Regenerative medicine will become the "next generation" of medical treatment, with researchers already working on regrowing bones and even nerves on artificial scaffolding, said Dr. Anthony Windebank, associate director for discovery in the Mayo Center for Regenerative Medicine.
Instead of transplanting an organ from a donor, Mayo providers will use the body's own resources to help re-grow organs.
"This is using entirely new results from research coming from many directions," Windebank said. It's one of the most exciting and active areas of research at the moment, he said.
Mayo plans to use its own research discoveries and discoveries made around the world. That knowledge, Windebank said, "we will then be bringing, as quickly as we can to our patients."
About 20 lead researchers, each with a large laboratory and clinical staff, are focused on regenerative-medicine discovery efforts, Windebank said.
Peripheral nerve injuries, ALS, severe blood vessel disease compromising blood flow to the limbs, kidney disease, heart disease, eye disease and diabetes are all understood.
"Probably one of the most-important and the broadest is diabetes," Windebank said.
The major advance in the past five years "has been the ability to acquire cells from people … and to take these cells out of the body, to grow them up in very large numbers in a way that is both acceptable and safe, to then use them in tissue replacement in patients."
Instead of using embryonic stem cells, Mayo uses tissue taken from the patient's body and coaxes them to become stem cells. Embryonic stem cell treatment currently requires use of immunosuppressive drugs. With adult stem cells from the patient, the need for those drugs is eliminated because the body is less likely to reject the cells.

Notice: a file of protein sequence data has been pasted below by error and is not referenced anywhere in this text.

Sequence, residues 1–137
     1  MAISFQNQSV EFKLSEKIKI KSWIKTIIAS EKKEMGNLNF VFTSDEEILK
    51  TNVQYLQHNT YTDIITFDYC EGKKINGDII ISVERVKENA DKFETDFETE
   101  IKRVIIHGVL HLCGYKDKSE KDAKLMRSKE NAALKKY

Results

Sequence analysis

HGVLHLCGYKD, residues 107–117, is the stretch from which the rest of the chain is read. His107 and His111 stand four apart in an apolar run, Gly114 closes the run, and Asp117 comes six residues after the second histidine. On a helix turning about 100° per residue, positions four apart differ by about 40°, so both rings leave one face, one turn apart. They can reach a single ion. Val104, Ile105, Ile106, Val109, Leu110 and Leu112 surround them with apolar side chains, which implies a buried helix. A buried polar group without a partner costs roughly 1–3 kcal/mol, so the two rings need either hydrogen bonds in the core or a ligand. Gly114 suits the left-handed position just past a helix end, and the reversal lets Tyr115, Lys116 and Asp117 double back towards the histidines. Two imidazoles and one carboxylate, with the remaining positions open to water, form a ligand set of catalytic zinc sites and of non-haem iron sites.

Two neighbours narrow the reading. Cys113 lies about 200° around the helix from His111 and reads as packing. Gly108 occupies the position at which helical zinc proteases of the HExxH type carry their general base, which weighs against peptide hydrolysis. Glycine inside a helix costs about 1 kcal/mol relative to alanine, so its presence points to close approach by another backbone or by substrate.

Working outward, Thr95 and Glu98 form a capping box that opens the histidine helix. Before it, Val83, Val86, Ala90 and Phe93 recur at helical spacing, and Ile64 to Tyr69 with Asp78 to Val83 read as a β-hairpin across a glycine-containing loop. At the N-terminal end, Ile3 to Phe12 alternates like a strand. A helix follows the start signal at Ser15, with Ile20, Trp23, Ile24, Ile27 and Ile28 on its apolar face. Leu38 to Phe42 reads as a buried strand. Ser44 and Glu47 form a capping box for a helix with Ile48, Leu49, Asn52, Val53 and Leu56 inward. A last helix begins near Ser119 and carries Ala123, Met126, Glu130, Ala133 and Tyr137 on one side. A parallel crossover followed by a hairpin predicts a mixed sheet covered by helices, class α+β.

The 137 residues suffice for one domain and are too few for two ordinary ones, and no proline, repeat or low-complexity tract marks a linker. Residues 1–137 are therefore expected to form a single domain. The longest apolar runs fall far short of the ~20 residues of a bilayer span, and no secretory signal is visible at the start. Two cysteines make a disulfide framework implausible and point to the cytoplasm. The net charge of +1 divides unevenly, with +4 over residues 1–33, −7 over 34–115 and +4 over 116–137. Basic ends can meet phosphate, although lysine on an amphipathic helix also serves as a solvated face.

"Tissue engineering" can make "scaffolds" — a structure to support the cells. Windebank says tissue engineering involves the field of "biodegradable polymer chemistry" using tissue engineering to create a scaffold for bone healing. Put the scaffold in, seed it with the patient's stem cells and the goal is to get the cells to re-grow the bone.
For example, if you had to remove bone during cancer treatment or after a trauma, "you use a scaffold that kind of mimics the architecture of the bone, but to make it living, you have to add cells to the scaffold."
"You put that in and that sort of forms the area where the body itself will then use that as kind scaffolding to gradually replace the tissue," Windebank said. This is different from today's hip replacement. The scaffold would gradually disintegrate.
"The body is very good at remodeling bone tissue if it's got something to work on. … We're doing exactly the same thing in the nerve tissues," Windebank said.
Mayo also is working on a research study to use nerve scaffolding to re-grow nerves.
"There's an overwhelming amount of new knowledge coming forward all the time," Windebank said. Mayo's focus is to say, "Which are the ones that are going to be able to be used for patients, as soon as possible?"
Windebank dreams of a day when severe war injuries and spinal cord injuries will be repaired.
"We are able to get in animals regeneration of spinal cord tissue," he said. "The next vision is, OK we can make the nerve cells grow. Can we get them to connect up to where we need them to go in the spine and the spinal cord?"
Five years ago, getting nerves to regenerate was thought impossible. Now, he hopes researchers will be able to get the nerves to connect to each other while they are undergoing repair.
"I've been in biomedical research for 35 years now. This is the most incredibly exciting time for me personally, but I think for the field in terms of the opportunities to move things forward that make a difference to health," Windebank said. "I'm excited to come to work every day, and after you've been at it so long, it's great to be able to say that."
Education of the work force for the future will be essential, Windebank said.
"In the short term," he said, "we need the research financial support, in the long term we need our young people to be going into this field — which is incredibly exciting and tends to be underrepresented in the way we educate."